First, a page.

The first Pink Floyd album I bought was 'A Saucerful of Secrets'. Like the rest of my close circle of friends, I had 'The Wall' and 'The Dark Side of the Moon', both recorded on Ewan McGregor’s (not that Ewan McGregor) trusty tape-to-tape deck. I’m not sure what drove me to select 'A Saucerful of Secrets': perhaps someone had mentioned it as a “next step” in my Floyd adventure; perhaps it was simply the only Floyd LP in Woolworths on the day that I went in.

Released in June 1968, 'A Saucerful of Secrets' catches Pink Floyd in the midst of their first great power swing. For me, there have been three Pink Floyds: the Syd Barrett-led, trippy pop song quartet whose debut album and first two singles were pure English psychedelic whimsy; the Roger Waters-led Floyd, all snarling, angst and torment; and, latterly, David Gilmour’s Floyd, a great live act, but the least said about the two contributions to the Floyd studio canon the better. In 1968, Barrett’s tenure as group leader, vocalist, lead guitarist and primary songwriter was coming to an end.

Since the release of their debut album in August 1967, things had not been well in the Floyd camp. The story goes that Barrett had taken to LSD in a big way - some contemporaries say that he was, essentially, tripping all of the time. His playing and writing suffered dramatically as a result, as did his personality. According to those close to him, towards the end of 1967 he was virtually unrecognisable from the happy, if eccentric, character portrayed in the 'Arnold Layne' promotional film.

In crisis, the other three members of the group decided to bring Syd’s old school friend, David Gilmour, in to supplement Syd in the groups live shows. Gilmour could sing and, more importantly, he could play Syd’s bizarre and complicated guitar parts. Barrett’s behaviour continued to decline as his mental health became more and more perilous, and sometime between January 12 (Floyd’s first engagement as a five-piece) and April 6 1968 (the date of Syd’s “official” departure), it was decided that Syd should leave the band.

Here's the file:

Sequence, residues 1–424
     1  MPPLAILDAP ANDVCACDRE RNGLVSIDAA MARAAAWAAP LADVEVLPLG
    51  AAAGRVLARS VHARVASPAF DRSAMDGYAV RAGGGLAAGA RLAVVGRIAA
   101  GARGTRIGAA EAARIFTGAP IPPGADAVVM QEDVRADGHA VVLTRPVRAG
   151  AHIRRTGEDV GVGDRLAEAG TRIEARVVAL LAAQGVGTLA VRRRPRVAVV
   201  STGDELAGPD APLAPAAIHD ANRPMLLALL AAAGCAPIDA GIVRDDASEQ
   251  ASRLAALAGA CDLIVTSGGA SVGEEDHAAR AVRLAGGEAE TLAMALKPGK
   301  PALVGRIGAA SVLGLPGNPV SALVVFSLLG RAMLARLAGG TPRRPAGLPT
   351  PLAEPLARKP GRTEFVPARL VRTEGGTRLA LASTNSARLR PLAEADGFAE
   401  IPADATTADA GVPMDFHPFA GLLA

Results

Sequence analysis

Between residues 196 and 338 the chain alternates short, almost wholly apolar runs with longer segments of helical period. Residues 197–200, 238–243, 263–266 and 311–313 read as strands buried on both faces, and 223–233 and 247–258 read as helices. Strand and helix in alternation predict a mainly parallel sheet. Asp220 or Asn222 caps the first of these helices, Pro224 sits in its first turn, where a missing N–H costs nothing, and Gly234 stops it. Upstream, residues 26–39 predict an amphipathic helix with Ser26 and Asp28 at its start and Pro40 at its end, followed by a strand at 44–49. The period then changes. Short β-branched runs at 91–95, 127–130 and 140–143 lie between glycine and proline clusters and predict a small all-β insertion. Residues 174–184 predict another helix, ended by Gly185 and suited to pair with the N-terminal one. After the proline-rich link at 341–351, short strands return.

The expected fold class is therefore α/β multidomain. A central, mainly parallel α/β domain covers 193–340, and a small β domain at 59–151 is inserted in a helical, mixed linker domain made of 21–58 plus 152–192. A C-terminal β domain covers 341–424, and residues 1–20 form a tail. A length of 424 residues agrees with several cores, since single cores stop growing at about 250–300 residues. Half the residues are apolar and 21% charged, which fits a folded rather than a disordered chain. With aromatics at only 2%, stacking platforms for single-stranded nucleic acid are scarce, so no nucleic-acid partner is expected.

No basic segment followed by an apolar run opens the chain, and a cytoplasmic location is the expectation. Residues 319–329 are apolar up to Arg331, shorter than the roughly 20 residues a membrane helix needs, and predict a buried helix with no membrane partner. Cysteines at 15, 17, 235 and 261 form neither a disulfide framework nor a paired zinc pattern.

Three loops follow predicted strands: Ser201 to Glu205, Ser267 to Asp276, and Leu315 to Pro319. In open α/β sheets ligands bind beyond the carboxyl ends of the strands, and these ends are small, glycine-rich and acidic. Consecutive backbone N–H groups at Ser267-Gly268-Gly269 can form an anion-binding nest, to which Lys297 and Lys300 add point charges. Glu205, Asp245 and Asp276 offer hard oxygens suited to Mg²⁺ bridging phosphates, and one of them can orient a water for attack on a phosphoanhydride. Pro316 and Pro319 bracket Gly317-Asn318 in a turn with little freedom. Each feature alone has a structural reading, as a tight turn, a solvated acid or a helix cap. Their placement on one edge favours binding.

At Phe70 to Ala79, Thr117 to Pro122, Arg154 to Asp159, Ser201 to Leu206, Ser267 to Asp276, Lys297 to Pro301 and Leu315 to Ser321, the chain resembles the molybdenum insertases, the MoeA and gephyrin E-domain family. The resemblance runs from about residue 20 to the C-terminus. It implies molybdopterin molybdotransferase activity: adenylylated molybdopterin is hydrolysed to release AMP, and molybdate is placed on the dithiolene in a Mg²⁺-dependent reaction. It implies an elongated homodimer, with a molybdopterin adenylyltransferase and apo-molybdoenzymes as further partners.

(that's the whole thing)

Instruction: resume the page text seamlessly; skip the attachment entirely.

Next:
Syd’s absence meant that the other group members would be forced to write any material for any new albums. After a pretty poor single, 'It Would Be So Nice', the band recorded 'A Saucerful of Secrets'.

The album still stands up as one of my favourite Floyd records, but it is the final track, 'Jugband Blues', which makes it for me. The sole Barrett track on the album, it’s a wonderfully poignant crie de couer. The lyrics speak of Syd gradually being marginalised, and one gets the impression that he was none too happy about it. “It’s awfully considerate of you to think of me here,” Syd sings. “And I’m most obliged to you for making it clear that I’m not here.”

As an epitaph to a stellar career, they don’t come much better than 'Jugband Blues'. Its author would go on to record two more albums before walking, barefoot, home to Cambridge, where he reverted to his birth name of Roger, and lived a quiet life painting until his death in 2006.